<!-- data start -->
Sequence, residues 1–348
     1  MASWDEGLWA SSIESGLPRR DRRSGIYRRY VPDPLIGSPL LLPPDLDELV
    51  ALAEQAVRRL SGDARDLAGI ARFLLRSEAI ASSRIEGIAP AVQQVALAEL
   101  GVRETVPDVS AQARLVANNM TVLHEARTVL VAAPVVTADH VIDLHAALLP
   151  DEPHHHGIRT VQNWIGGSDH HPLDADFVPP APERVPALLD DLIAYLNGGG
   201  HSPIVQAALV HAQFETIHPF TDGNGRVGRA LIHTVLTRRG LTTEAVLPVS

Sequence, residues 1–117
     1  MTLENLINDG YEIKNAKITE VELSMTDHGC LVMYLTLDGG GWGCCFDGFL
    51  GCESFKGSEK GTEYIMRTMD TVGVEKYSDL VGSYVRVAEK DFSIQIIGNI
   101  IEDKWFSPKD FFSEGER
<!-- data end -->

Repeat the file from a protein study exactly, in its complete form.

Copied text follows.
Sequence, residues 1–348
     1  MASWDEGLWA SSIESGLPRR DRRSGIYRRY VPDPLIGSPL LLPPDLDELV
    51  ALAEQAVRRL SGDARDLAGI ARFLLRSEAI ASSRIEGIAP AVQQVALAEL
   101  GVRETVPDVS AQARLVANNM TVLHEARTVL VAAPVVTADH VIDLHAALLP
   151  DEPHHHGIRT VQNWIGGSDH HPLDADFVPP APERVPALLD DLIAYLNGGG
   201  HSPIVQAALV HAQFETIHPF TDGNGRVGRA LIHTVLTRRG LTTEAVLPVS

Sequence, residues 1–117
     1  MTLENLINDG YEIKNAKITE VELSMTDHGC LVMYLTLDGG GWGCCFDGFL
    51  GCESFKGSEK GTEYIMRTMD TVGVEKYSDL VGSYVRVAEK DFSIQIIGNI
   101  IEDKWFSPKD FFSEGER